Contributor’s Guide

Thank you very much for your interest in contributing to Flycheck! We’d like to warmly welcome you in the Flycheck community, and hope that you enjoy your time with us!

There are many ways to contribute to Flycheck, and we appreciate all of them. We hope that this document helps you to contribute. If you have questions, please ask on our issue tracker or in our Gitter chatroom.

For a gentle start please take a look at all the things we need your help with and look for beginner-friendly tasks.

Please note that all contributors are expected to follow our Code of Conduct.

Bug reports

Bugs are a sad reality in software, but we strive to have as few as possible in Flycheck. Please liberally report any bugs you find. If you are not sure whether something is a bug or not, please report anyway.

If you have the chance and time please search existing issues, as it’s possible that someone else already reported your issue. Of course, this doesn’t always work, and sometimes it’s very hard to know what to search for, so this is absolutely optional. We definitely don’t mind duplicates, please report liberally.

To open an issue simply fill out the issue form. To help us fix the issue, include as much information as possible. When in doubt, better include too much than too little. Here’s a list of facts that are important:

  • What you did, and what you expected to happen instead
  • Whether and how you were able to reproduce the issue in emacs -Q
  • Your Flycheck setup from M-x flycheck-verify-setup
  • Your operating system
  • Your Emacs version from M-x emacs-version
  • Your Flycheck version from M-x flycheck-version

Windows-only issues

As Flycheck does not support Windows officially we generally do not attempt to fix issues that only occur on Windows. We will move all Windows-only issues to the list of open Windows issues, and leave them to Windows users and developers.

We welcome anyone who wants to fix open Windows issues, and we will merge pull requests for improved Windows compatibility. If you know Windows and Emacs, please take a look at the list of open Windows issues and try to fix any of these.

Feature requests

To request a new feature please open a new issue through our issue form.

A feature request needs to find a core developer or maintainer who adopts and implements it. Otherwise we will move the issue to the S-needs your love column of our Waffle board where issues sit that wait for a pull request from the community.

The Build system

Flycheck provides a Makefile with some convenient targets to compile and test Flycheck. The Makefile requires Cask, the Emacs Lisp dependency manager. Run make help to see a list of all available targets. Some common ones are:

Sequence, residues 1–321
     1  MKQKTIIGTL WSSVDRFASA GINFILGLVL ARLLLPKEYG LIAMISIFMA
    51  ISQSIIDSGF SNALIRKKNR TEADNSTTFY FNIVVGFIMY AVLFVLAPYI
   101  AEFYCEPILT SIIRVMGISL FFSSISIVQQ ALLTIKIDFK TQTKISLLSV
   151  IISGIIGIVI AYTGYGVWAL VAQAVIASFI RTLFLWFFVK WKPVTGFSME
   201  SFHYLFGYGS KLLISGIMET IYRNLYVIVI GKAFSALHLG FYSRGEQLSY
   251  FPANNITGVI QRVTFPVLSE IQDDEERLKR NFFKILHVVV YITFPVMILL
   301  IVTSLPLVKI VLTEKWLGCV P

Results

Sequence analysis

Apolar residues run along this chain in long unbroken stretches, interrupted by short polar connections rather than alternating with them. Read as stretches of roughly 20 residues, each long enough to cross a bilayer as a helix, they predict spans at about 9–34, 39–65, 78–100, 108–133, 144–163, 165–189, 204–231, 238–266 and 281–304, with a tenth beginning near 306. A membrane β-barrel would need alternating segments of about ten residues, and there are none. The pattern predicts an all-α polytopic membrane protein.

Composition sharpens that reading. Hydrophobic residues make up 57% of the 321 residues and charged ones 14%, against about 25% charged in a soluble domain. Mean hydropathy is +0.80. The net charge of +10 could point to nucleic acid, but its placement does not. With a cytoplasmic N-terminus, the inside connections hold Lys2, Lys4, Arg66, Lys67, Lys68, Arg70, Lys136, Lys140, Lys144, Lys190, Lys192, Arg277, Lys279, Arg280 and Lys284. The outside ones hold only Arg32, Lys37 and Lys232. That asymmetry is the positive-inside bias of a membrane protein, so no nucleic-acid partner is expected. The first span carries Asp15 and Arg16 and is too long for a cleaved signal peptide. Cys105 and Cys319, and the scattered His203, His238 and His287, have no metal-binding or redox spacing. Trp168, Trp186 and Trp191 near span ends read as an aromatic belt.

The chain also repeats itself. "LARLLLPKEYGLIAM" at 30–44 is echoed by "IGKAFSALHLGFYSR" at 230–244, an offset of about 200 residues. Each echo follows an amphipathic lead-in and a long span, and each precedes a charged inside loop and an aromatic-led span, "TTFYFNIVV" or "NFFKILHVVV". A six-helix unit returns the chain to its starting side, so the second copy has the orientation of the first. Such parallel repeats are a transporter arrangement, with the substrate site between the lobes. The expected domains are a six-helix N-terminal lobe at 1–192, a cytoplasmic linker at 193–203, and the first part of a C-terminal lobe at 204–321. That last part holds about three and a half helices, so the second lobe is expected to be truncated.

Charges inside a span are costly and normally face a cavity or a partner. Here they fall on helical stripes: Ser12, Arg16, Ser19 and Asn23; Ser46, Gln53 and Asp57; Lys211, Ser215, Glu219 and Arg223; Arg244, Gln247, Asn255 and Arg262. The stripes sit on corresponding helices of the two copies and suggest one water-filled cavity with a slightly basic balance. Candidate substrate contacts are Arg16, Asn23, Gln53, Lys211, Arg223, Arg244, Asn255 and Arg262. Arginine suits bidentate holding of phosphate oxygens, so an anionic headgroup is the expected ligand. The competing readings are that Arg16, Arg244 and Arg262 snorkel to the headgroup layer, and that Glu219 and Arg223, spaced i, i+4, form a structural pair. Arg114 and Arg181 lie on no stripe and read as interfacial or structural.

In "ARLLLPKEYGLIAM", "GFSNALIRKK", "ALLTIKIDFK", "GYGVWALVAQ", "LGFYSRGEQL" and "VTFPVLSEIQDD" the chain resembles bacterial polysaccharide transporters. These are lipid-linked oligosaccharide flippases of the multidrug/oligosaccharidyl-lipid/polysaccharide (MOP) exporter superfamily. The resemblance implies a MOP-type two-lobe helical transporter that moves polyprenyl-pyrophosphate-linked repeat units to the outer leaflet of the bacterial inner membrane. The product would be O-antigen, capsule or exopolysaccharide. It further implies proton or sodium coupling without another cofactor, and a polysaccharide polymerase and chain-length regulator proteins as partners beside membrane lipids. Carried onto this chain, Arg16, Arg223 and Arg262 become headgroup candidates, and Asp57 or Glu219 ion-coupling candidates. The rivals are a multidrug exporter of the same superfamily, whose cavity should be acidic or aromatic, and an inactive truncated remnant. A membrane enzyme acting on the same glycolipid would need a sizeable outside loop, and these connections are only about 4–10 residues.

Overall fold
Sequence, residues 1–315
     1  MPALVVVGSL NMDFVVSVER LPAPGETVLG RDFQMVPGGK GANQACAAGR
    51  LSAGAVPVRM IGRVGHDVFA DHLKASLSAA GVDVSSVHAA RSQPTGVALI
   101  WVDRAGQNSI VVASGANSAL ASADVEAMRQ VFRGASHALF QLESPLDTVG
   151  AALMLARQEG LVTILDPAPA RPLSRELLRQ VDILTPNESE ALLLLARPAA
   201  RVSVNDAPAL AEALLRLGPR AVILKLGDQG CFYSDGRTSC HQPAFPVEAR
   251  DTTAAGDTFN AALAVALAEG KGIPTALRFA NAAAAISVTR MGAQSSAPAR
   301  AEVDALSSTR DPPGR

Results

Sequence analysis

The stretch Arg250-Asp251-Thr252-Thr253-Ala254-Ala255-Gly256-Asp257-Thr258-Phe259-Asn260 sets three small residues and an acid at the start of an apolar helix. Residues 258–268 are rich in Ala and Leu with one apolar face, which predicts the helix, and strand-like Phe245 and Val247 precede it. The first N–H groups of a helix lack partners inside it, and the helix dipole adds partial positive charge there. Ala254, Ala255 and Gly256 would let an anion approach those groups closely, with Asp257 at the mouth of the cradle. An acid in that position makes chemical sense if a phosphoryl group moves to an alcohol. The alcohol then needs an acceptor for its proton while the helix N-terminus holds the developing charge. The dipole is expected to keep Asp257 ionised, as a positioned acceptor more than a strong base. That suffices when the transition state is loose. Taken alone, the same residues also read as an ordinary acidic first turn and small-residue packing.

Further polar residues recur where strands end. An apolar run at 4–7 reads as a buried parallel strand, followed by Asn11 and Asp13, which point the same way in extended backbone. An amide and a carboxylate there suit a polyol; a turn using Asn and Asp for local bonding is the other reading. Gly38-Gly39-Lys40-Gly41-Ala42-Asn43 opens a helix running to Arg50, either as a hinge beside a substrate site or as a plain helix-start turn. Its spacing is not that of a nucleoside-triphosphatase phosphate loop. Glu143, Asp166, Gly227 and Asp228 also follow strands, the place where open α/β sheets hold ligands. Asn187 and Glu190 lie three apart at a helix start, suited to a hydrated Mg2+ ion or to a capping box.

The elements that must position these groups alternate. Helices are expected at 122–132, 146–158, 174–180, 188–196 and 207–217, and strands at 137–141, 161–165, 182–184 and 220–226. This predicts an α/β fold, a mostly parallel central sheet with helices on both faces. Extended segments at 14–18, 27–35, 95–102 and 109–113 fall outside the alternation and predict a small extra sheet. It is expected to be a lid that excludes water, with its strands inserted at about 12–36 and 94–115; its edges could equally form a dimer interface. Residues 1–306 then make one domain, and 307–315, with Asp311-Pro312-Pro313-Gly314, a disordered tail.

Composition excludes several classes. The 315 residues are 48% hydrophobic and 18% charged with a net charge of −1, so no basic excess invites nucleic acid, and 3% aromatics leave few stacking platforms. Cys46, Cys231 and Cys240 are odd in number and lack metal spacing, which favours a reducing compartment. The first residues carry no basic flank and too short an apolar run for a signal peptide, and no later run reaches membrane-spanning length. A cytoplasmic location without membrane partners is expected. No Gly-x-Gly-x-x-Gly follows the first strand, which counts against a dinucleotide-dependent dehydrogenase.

• make init initialises the project by installing local Emacs Lisp dependencies.
  • make compile compiles Flycheck and its libraries to byte code.
  • make specs runs all Buttercup specs for Flycheck. Set PATTERN to run only specs matching a specific regular expression, e.g. make PATTERN='^Mode Line' specs to run only tests for the mode line.
  • make test runs all ERT unit tests for Flycheck. We are phasing ERT out in favour of Buttercup; no new ERT unit tests will be added and this target will eventually be removed.
  • make integ runs all integration tests for Flycheck syntax checkers. These tests are very dependent on the checker programs and their versions; expect failures when running this target. Set SELECTOR to run only tests matching a specific ERT selector, e.g. make SELECTOR='(language haskell)' integ to run only integration tests for Haskell. make LANGUAGE=haskell integ is a shortcut for this.

Pull requests

Pull Requests are the primary mechanism to submit your own changes to Flycheck. Github provides great documentation about Pull Requests.

Please make your pull requests against the master branch.

Use make specs test to test your pull request locally. When making changes to syntax checkers of a specific language, it’s also a good idea to run make LANGUAGE=language integ and check whether the tests for the particular language still work. A successful make integ is by no means mandatory for pull requests, though, we will test your changes, too.

All pull requests are reviewed by a maintainer. Feel free to mention individual developers (e.g. @lunaryorn) to request a review from a specific person, or @flycheck/maintainers if you have general questions or if your pull request was waiting for review too long.

Additionally, all pull requests go through automated tests on Travis CI which check code style, run unit tests, etc. After the pull request was reviewed and if all tests passed a maintainer will eventually cherry-pick or merge your changes and close the pull request.